A federal judge in New Orleans shot down BP’s request to penalize Halliburton for allegedly destroying damaging evidence about the quality of its cement slurry that went into drilling the oil well that blew out last year and caused the nation’s worst offshore oil spill.
MOBILE, Alabama -- The first round of proposed oil spill restoration projects for Alabama will be up for public comment at meetings Monday and Tuesday.
The Alabama projects were selected by the Deepwater Horizon Natural Resources Damage Assessment trustees, a group consisting of representatives from the Gulf states and the federal government. The group created a Draft Early Restoration Plan, which will be finalized after the public comment period ends.
By Renee Blanchard
Wherever big polluters degrade America’s environment—and it is still a common occurrence all across the country—they take similar steps to win the public’s trust and limit their legal liability. They attempt to control the media’s coverage of the damage that they have caused. They work to recreate the narrative of events, producing catchphrases and polished advertisements. And they waste precious time by creating divisions within the affected communities.
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By Emily Feinberg, Development/Gulf Associate
The Deepwater Horizon oil disaster flowed unabated for three months in 2010. In August of 2011, oil and oil sheen covering several square miles of water were reported surfacing not far from BP’s Macondo well. The oil was a chemical match to Macondo.
Crews collected more than three tons of tarballs and tarmats in Alabama and Mississippi in the first 10 days of January.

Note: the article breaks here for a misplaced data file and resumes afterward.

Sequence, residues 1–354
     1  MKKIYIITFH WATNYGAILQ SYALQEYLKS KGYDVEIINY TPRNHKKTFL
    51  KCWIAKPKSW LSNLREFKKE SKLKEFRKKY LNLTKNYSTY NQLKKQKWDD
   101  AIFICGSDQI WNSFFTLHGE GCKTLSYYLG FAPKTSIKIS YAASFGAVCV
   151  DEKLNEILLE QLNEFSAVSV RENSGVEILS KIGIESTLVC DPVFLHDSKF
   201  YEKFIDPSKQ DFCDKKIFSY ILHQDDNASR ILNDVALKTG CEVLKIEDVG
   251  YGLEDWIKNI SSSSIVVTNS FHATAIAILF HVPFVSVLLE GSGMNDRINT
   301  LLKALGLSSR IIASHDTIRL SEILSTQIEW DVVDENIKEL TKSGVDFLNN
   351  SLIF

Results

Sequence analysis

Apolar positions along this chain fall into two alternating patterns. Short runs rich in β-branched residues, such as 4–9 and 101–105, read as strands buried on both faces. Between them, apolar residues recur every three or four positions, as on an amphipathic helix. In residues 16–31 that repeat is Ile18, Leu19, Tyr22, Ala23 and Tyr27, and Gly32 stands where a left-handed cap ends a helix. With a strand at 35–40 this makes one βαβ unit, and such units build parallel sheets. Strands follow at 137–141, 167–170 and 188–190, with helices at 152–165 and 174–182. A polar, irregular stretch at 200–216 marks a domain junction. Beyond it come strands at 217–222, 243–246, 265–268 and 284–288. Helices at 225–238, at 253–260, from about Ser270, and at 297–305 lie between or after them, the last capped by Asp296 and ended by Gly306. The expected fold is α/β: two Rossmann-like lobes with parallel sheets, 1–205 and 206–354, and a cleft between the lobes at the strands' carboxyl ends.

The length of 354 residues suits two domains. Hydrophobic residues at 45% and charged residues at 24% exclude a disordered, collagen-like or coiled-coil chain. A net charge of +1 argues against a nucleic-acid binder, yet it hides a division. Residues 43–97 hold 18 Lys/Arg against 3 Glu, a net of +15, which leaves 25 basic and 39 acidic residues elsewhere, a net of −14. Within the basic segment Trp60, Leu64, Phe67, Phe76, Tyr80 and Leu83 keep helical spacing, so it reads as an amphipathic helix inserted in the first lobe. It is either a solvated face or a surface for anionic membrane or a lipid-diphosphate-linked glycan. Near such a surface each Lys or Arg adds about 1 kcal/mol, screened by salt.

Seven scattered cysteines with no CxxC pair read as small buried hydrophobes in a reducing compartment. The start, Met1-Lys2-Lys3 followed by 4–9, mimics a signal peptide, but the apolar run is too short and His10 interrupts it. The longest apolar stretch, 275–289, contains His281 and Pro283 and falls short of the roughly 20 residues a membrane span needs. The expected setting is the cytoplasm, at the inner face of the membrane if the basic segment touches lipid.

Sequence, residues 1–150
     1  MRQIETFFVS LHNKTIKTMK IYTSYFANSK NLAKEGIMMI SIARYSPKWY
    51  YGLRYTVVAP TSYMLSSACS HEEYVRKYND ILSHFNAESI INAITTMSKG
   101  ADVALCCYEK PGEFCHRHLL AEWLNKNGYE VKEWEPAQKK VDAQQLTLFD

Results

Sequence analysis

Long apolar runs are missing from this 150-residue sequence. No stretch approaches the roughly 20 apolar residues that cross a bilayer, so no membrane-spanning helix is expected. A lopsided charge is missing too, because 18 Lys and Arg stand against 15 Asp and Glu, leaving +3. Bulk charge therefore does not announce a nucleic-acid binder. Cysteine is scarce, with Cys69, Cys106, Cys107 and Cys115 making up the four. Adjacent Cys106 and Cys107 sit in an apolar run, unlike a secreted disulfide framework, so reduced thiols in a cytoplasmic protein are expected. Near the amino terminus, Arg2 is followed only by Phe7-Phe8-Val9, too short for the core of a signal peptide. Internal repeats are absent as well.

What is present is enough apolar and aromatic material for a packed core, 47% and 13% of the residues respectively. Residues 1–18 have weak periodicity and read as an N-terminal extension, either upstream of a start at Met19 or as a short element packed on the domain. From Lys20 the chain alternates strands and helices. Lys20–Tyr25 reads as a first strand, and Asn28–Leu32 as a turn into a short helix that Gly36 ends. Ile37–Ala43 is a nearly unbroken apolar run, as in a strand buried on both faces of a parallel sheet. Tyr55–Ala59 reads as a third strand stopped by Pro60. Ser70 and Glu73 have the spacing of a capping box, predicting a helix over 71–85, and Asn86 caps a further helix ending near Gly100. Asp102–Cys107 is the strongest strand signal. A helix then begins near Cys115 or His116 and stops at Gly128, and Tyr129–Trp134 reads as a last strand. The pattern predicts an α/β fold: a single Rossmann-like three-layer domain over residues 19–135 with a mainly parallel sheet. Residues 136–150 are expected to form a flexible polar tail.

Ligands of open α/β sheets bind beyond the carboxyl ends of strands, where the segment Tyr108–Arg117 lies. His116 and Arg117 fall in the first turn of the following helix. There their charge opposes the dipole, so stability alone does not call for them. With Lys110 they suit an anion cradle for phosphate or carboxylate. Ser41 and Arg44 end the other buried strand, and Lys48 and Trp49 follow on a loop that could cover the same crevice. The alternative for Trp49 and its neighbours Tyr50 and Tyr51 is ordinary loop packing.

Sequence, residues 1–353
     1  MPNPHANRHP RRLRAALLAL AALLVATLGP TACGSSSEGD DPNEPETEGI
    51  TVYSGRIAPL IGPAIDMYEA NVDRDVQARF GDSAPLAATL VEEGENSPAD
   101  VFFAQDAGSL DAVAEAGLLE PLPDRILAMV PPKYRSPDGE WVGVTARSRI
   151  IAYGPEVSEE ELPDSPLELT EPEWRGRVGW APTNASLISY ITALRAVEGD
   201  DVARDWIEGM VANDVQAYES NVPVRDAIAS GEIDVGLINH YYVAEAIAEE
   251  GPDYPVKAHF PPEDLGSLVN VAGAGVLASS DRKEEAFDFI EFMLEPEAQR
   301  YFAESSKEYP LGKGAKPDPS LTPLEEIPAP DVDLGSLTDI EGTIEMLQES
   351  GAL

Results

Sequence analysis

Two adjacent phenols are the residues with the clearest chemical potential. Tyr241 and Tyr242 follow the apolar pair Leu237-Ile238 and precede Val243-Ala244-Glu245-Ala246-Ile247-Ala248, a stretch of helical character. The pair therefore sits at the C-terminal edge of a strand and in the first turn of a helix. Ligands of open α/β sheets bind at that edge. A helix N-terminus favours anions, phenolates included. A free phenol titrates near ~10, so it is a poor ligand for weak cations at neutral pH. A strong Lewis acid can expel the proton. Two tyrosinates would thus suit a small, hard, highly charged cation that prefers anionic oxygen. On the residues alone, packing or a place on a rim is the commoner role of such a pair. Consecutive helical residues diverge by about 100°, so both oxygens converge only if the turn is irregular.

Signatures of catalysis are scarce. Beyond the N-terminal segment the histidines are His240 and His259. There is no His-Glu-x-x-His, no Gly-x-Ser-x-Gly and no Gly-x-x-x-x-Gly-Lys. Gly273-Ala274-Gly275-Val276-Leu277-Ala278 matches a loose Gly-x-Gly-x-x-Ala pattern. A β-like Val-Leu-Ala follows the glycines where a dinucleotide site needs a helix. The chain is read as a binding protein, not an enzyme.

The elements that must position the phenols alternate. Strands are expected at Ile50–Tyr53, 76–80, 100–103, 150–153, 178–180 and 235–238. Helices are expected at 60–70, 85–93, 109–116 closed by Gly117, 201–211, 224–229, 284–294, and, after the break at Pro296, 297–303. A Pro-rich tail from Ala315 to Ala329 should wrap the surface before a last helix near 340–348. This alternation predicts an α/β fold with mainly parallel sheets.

Nearly two years after the BP spill, the company maintains a significant presence along the Alabama and Mississippi coastline, with dozens of workers patrolling the Gulf shoreline each week.
Large work barges and several support vessels were anchored at the western tips of Dauphin and Petit Bois islands Monday. Swarms of golf carts buzzed through the sand above the tide line, and workers equipped with scoops and garbage bags collected tarballs.
Two thirds of the whiting caught by the Press-Register on Dauphin Island Monday had lesions on their bodies. The fish live in the turbulent surf zone, where much of BP's oil ended up. Scientists said there might be a connection between the spill and the appearance of the lesions, but cautioned that other factors may be at play. The large fish in the background weighed 12 pounds. The smaller fish in the foreground were about 12 inches long. (Ben Raines/Press-Register)
BP is pushing a slick nationwide public relations campaign to persuade Americans that the Gulf region has recovered. BP PLC's rosy picture of the Gulf, complete with sparkling beaches, booming businesses, smiling fishermen and waters bursting with seafood, seems a bit too rosy to many people who live there.
We support EPA's Decision To Add The Gulf "Dead Zone" To The Impaired Waters List
From Lower Mississippi Riverkeeper and Louisiana Environmental Action Network
The Gulf of Mexico hypoxic zone along the Louisiana coast, commonly called the "Dead Zone" has been a well documented problem for decades now. However, the state and federal environmental agencies have failed to take even the most basic regulatory steps to address this problem. The U.S. Environmental Protection Agency (EPA) has finally proposed to add these waters to the official list of impaired waters.